Improving the UK’s response to economic crime
The NECC will coordinate and task the UK’s response to economic crime, harnessing intelligence and capabilities from across the public and private sectors to tackle economic crime in the most effective way.
It will jointly identify and prioritise the most appropriate type of investigations, whether criminal, civil or regulatory to ensure maximum impact. It will seek to maximise new powers, for example Unexplained Wealth Orders and Account Freezing Orders, across all agencies to tackle the illicit finance that funds and enables all forms of serious and organised crime.
The NECC will ensure that criminals defrauding British citizens, attacking UK industry and abusing UK financial services are effectively pursued; that the UK’s industries and government agencies know how to prevent economic crime; and that the UK’s citizens are better protected.
Agencies involved in the NECC
The NECC launched on 31 October 2018 with officers or representatives from the agencies below.
As the NECC evolves throughout 2019 and beyond it will build wider partnerships across the public sector, with regulators and the private sector, particularly with those businesses at risk from economic crime.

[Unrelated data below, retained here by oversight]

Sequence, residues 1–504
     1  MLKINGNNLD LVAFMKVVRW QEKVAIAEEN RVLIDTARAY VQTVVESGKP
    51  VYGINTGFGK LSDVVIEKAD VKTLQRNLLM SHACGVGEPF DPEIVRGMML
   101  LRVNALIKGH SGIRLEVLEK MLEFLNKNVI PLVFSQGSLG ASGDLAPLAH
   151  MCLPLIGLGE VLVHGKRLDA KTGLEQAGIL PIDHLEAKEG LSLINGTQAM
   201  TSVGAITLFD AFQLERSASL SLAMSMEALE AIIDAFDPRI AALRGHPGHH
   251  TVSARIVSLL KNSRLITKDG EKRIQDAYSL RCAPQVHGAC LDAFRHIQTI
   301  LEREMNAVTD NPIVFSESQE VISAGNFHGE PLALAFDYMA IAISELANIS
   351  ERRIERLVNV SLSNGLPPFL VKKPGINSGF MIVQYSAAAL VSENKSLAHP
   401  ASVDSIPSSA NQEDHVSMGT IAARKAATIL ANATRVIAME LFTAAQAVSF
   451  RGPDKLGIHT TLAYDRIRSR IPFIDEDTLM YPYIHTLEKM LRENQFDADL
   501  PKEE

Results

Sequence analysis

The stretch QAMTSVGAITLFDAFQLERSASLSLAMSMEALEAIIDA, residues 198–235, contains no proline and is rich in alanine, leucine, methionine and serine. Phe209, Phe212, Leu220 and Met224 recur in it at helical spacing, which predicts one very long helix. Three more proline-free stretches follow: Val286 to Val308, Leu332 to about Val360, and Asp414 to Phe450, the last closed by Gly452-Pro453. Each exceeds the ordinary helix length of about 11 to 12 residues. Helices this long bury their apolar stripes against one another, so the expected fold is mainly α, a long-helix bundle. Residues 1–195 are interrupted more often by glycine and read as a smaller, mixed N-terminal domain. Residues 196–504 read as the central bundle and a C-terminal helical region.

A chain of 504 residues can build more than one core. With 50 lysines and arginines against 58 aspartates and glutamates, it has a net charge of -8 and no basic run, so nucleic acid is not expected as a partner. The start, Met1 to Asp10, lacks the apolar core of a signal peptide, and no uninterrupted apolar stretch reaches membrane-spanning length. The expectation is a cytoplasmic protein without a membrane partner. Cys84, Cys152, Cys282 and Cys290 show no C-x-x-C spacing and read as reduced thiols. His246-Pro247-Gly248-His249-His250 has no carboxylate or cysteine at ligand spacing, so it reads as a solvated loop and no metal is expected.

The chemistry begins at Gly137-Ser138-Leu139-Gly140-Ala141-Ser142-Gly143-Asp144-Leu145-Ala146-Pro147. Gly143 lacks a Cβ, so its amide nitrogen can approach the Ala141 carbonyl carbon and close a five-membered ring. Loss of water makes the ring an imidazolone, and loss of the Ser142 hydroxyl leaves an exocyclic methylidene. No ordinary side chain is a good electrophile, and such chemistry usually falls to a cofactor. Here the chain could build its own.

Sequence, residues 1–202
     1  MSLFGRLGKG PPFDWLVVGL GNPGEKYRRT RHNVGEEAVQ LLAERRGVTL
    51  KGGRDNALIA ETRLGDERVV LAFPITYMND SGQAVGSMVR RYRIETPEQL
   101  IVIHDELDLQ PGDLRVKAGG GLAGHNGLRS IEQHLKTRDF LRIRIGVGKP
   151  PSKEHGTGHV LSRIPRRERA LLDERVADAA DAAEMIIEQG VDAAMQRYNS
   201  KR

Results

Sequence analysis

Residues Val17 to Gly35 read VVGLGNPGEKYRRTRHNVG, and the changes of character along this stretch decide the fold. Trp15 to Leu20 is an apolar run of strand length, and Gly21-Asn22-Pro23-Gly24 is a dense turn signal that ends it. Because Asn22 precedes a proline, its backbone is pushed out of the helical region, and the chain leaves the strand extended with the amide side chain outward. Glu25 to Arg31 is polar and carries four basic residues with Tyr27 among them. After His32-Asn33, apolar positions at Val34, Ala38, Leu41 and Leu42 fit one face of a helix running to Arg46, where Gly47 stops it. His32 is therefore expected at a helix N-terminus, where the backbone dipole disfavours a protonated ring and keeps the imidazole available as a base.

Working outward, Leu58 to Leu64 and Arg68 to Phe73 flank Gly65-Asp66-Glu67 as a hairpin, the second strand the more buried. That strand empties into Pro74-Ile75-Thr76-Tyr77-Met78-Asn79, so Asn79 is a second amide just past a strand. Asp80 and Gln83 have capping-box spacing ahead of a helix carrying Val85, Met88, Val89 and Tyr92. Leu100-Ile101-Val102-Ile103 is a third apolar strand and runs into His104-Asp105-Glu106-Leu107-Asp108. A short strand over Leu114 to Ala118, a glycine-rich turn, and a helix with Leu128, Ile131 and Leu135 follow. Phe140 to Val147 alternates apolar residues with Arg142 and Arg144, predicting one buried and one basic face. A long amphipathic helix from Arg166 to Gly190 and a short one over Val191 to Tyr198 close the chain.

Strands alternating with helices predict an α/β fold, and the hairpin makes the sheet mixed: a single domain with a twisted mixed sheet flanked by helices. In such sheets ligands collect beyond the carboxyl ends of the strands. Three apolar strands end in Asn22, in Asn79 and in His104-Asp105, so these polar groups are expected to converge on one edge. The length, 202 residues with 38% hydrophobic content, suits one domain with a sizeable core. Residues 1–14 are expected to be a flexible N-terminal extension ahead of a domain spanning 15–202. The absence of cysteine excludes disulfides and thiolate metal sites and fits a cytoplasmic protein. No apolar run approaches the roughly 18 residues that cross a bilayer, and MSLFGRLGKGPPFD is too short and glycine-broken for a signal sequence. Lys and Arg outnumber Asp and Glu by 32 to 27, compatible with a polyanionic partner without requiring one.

Joint Money Laundering Intelligence Taskforce
The NECC includes the well established Joint Money Laundering Intelligence Taskforce (JMLIT). JMLIT is a partnership between law enforcement and the financial sector to exchange and analyse information relating to money laundering and wider economic threats.
The taskforce consists of:
- over 40 financial institutions
- the Financial Conduct Authority
- five law-enforcement agencies: the NCA, HMRC, the SFO, the City of London Police, and the Metropolitan Police Service.
JMLIT is an innovative model for public/private information sharing that has generated very positive results since its inception in 2015, and is considered internationally to be an example of best practice.
Successes of JMLIT
Since its inception, JMLIT has supported and developed over 500 law enforcement investigations which has directly contributed to over 130 arrests and the seizure or restraint of over £11m.
Through this collaboration, JMLIT private sector members have identified over 5,000 suspect accounts linked to money laundering activity, and commenced over 3,500 of their own internal investigations, while also continuing to develop and enhance their systems and controls for mitigating the threat of financial crime.
Additionally, over 30 ‘JMLIT Alert’ reports have been shared with the wider financial industry to assist in focussing the identification and implementation of transactional monitoring system queries, in turn helping to mitigate the criminal methodologies used to exploit the UK’s financial system.